Concerns over “extreme wind events” in Lake Erie could spell problems for other waterways, including Lake Ontario.
The University of Guelph in Ontario, Canada, recently released the findings of study it conducted into how these frequent wind events are affecting the quality of Lake Erie’s water. Researchers linked this occurrence to climate change and speculated that Lake Ontario also could experience this.
“Researchers here have found that more frequent ‘extreme winds events’ may be whipping up trouble for Lake Erie’s water quality and what was found in the study could have the potential to play out in other Great Lakes, such as Ontario. The new study released by the University of Guelph says those more frequent wind events are drawing up deep water containing low oxygen and high phosphorus that may harm drinking water and fish in western Lake Erie. The researchers’ paper was published in Nature Scientific Reports. It shows increase in wave power between 1980 and 2018 during August in the Great Lakes. These changes were associated with increasing significant wave heights likely to have several effects, including higher sediment resuspension,” according to a story published April 3 in The Daily News.
Josef Ackerman, professor in the department of integrative biology, “said that a U.S. study found that wave power in the ocean was a good measure of the amount of energy coming from the atmosphere into the ocean. … Researchers especially wondered about ‘upwelling’: A process in which deeper, cold water rises toward the surface — the displaced surface water is replaced by cold, nutrient-rich water that ‘wells up.’ The researchers used wind power as a ‘proxy,’ Mr. Ackerman said, as an indicator of when the upwelling could occur. They relied on scientific equipment on buoys dotted throughout the five Great Lakes to get wind power data.
“Researchers were especially interested in the increased winds from the south and southwest, which related to ‘significant’ increase in wave power,” the article reported. “In shallow lakes and parts of freshwater bodies such as the western end of Lake Erie, winds normally keep water evenly mixed, providing consistent amounts of oxygen and nutrients. Lake Erie is the shallowest of the Great Lakes. The findings in the study conclude that extreme wind events have increased from one every other year to three a year from 1980 to 2018. The currents caused by the winds tilt the temperature gradient (thermocline) and pull up water with low oxygen (hypoxia) and lots of phosphorus. In Lake Erie, that water from the deep central basin flows paradoxically into the shallower western basin, opposite the normal flow direction.”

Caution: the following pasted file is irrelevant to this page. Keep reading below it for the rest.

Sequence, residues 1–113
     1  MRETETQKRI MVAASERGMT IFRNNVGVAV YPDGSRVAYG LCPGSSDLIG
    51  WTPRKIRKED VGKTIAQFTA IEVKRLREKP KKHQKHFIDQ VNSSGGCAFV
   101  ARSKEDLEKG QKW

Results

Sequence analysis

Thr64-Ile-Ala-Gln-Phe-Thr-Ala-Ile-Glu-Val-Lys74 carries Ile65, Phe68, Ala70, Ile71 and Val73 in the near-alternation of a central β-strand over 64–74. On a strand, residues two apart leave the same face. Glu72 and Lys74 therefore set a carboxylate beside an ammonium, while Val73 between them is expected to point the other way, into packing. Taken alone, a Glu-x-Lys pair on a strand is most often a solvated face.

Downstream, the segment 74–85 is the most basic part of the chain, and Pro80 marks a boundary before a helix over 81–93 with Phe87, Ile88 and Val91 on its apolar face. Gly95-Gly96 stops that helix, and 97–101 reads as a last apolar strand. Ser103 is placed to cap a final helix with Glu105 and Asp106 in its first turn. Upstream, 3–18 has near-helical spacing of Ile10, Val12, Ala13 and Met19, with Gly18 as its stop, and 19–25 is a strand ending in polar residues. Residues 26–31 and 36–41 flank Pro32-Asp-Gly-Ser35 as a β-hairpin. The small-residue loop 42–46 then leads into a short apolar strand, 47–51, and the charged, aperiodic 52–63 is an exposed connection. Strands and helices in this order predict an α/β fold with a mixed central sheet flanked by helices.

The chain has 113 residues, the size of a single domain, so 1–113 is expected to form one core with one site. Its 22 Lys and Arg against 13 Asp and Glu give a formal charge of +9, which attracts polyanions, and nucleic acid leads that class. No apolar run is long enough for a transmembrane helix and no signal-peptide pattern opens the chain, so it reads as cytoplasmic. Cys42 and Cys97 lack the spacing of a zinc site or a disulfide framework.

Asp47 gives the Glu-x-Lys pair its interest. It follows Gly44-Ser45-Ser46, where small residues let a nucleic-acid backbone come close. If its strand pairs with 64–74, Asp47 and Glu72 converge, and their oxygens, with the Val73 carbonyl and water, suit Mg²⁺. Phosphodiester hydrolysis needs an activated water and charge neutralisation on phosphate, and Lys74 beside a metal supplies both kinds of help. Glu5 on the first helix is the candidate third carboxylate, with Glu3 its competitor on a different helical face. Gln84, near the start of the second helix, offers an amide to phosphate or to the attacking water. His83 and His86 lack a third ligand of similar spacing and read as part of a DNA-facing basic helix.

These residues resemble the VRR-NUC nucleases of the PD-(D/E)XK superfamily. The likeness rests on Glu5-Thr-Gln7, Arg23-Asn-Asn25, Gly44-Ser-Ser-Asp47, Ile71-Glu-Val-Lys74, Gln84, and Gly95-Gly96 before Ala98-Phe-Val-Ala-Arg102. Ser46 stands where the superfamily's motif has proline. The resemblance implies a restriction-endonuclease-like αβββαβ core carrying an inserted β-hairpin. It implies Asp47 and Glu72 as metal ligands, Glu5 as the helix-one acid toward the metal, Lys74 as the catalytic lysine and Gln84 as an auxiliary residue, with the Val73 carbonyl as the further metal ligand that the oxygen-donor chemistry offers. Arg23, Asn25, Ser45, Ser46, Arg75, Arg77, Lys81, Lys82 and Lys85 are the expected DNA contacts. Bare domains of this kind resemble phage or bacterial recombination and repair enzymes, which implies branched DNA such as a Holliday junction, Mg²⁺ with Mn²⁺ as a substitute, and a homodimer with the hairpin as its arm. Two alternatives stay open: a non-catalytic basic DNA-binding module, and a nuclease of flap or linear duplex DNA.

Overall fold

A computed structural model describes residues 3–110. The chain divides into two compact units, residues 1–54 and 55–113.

An increase in phosphorus may lead to more algae blooms. This would harm the water quality and enhance the risks of survival for fish.
Marc Gaden, spokesman for the Michigan-based Great Lakes Fishery Commission, said that the University of Guelph’s study further confirms the connection between climate change and pending problems with water quality and fish populations. He added that phosphorus is an essential nutrient for life in the water ecosystem, so proper management of it is key to maintaining this balance.
This has implications for waterways throughout the upstate region and elsewhere. Ensuring that the health of Lake Ontario and the St. Lawrence River is enhanced remains a priority.
A decline in the ecosystem would adversely affect their recreational value, a factor that people here depend upon for their livelihood.
This is another example of why reversing the course of global warming is in the best interest of our region.